If you enjoy this site, please visit these sponsors:

Sunday, July 29, 2007

Seed #14 - Secondary Leaves

Still no branches. I knew these grew slowly, but expected more from the young seedlings.

Thursday, June 14, 2007

Seed #4 - Eight Cotyledons

So far, I've seen anywhere from four to eight cotyledons. These little guys are so aggressive to sprout, but in adulthood, they'll grow very slowly. In the wild, they may live thousands of years old, and stay relatively small.

Tuesday, June 12, 2007

No Shortage of Sprouts

If it turns out that all of my bristlecones sprout, I don't think I'll be surprised. I do think that the real challenge with these little guys is going to start once they've sprouted branches and a stronger root system. From everything I've read, they're not too welcoming to excessive watering, and aren't the beginner's tree. I think with (hopefully) more than twenty to work with, I'll have a few living xmas trees in the years to come.

Seed #1 - Seven Cotyledons

For as little as I expected from my bristlecones, they've really impressed. They shoot long, rigid radicles, sprout aggressively, and open up between five to eight cotyledons, all within a couple weeks.

Friday, June 8, 2007

Seed #16 - Outside Seed Sprout

As with seed #15, this little guy really surprised me. I had all but given up on the outside seeds, switching to the indoor baggie method for the rest of my bristlecone seeds. Apparently they're not doing as badly as I thought. I guess I shouldn't be surprised - bristlecones are known for drought tolerance and growing in unforgiving climates. It was interesting to see five cotyledons too - I haven't seen this with any of my other tree seedlings yet.

Seed #15 - Outside Seeds Sprout

I really didn't expect any of my outdoor bristlecones to sprout, since I've been watering them sporadically. I never hold out too much hope for sprouts with seed coats, but I'm still very excited to have any success at all outside.

Tuesday, June 5, 2007

Fourteen Germinations - What a Surprise!

I originally thought I could grow bristlecone pines by planting untreated seeds directly into well-drained, rocky soil. After a couple of weeks, there's been no activity in their pots. I still had twenty-five seeds left, so a little over a week ago, I decided to try the usual route - the baggie method (pre-germinating the seeds in wet coffee filters). I really didn't expect to see any of the seeds germinate, but apparently they do very easily. Of my twenty-five seeds, fourteen have strong radicles, and several other are almost ready to be planted.

These radicles were very different from the other seeds I've worked with so far - very straight and rigid. Rather than planting these in the well-drained soil immediately, again, I'm going the usual route - cel-packs of seed-starting soil. After they sprout and grow their first season's branches, I'll move them into the rocky soil. Unfortunately, I don't think I'll be able to keep these outside for the winter, so it looks like I might end up with somewhere near twenty indoor, living xmas trees... I'd better have a little talk with my wife...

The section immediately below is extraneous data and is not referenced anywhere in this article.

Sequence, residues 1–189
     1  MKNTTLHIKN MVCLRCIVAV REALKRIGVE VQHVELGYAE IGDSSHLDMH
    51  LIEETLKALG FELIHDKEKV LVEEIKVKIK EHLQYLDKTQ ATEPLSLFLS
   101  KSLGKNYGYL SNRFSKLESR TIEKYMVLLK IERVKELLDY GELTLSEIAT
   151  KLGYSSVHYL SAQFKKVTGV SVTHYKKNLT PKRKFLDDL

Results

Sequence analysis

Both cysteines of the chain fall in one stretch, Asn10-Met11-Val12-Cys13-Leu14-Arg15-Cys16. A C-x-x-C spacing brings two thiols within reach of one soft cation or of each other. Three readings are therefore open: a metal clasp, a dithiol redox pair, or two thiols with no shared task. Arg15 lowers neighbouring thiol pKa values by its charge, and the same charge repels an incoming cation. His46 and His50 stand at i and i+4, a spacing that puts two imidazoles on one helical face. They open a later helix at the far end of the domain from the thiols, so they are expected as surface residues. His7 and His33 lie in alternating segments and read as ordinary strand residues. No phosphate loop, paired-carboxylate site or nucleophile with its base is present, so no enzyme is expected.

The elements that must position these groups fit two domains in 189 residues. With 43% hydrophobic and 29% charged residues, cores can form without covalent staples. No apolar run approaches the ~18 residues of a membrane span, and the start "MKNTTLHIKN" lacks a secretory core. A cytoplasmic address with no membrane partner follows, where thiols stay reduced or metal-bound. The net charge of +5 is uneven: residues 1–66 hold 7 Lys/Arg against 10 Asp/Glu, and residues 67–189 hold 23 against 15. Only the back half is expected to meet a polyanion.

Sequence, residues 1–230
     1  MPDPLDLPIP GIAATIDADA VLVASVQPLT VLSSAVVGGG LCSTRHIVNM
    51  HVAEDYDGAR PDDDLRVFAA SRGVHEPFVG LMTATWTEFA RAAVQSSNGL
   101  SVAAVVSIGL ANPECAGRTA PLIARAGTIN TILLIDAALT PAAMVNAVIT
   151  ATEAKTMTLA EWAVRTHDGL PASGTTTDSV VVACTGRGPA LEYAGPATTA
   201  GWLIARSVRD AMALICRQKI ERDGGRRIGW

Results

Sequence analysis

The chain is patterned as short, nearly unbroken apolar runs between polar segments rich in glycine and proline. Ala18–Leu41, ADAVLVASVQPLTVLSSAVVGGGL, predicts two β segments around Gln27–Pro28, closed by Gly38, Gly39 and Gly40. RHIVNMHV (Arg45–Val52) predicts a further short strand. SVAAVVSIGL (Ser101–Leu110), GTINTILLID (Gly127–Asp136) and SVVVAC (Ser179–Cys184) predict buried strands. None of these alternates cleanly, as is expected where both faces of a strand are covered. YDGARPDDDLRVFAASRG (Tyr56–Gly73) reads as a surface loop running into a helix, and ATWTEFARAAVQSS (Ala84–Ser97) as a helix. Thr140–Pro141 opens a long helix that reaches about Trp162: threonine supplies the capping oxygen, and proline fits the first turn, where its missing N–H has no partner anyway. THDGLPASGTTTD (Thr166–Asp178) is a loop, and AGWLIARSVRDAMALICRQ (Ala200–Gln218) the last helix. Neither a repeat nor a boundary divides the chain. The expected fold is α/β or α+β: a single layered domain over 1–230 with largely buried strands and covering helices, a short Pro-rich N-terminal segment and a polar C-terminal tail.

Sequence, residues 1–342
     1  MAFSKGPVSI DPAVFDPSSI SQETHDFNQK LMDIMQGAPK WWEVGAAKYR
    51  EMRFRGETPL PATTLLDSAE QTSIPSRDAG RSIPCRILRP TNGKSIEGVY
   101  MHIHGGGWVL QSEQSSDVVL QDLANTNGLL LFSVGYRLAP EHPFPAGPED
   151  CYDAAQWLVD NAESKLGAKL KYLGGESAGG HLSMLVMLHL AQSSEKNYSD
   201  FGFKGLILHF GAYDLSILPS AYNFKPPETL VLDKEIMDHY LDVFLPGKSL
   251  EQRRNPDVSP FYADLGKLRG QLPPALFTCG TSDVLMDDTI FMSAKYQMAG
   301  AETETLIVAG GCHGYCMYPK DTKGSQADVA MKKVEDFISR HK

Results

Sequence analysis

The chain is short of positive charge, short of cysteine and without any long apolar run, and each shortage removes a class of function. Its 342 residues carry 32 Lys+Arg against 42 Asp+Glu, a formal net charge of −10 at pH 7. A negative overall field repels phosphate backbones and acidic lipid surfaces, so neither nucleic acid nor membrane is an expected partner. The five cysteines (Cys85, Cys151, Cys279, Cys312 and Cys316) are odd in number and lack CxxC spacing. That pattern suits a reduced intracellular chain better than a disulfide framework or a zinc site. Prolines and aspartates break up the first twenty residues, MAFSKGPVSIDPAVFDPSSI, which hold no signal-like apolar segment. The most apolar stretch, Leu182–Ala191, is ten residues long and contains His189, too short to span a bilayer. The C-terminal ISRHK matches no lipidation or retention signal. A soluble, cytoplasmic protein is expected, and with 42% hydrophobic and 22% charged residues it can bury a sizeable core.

Seed #14 - Radicle

Seed #13 - Radicle

Seed #12 - Radicle

Seed #11 - Radicle

Seed #10 - Radicle

Seed #9 - Radicle

Seed #8 - Radicle

Seed #7 - Radicle

Seed #6 - Radicle

Seed #5 - Radicle

Seed 4 - Radicle

Seed #3 - Radicle

Seed #2 - Radicle

Seed #1 - Radicle

Tuesday, May 22, 2007

Getting Started...

This is my first attempt at growing bristlecone pines from seed. I couldn't find very much documentation online to help me get started, so I'm not expecting stellar results from this trial run. From what I did read on message boards, these aren't the best trees for the novice to try to grow. Of course that's all this novice needs to hear to get excited - now I have a challenge!

Bristlecones are native to western United States at high altitude, and can outlive any known organism on the planet. The current record-holder is a tree named Methuselah, which is believed to be over 4,700 years old! They need well-drained soil, and very little water. It'll be a challenge not to over-water these little guys.

Based on recommendations in online bonsai message boards, I used the following soil mixture:
  • 40% Hoffman Bonsai Soil Mix (expanded shale, sand pebble, aged pine bark, TURFACE)
  • 40% Desert Sand
  • 20% Hoffman Cactus and Succulent Soil Mix
The mixture is very gritty, feeling more like sand than soil. I planted three seeds in each of my eight small pots. The pots are each six inches in diameter, and about the same in depth. I've put them on my deck under a glass table, and am going to try to forget about them, only spraying a small amount of water over the mixture every 1-2 weeks.

I'm hoping to see a few sprouts after a few weeks, but wouldn't be surprised if nothing happened between now and then. Bristlecones are very slow-growing trees, so this will really test my patience!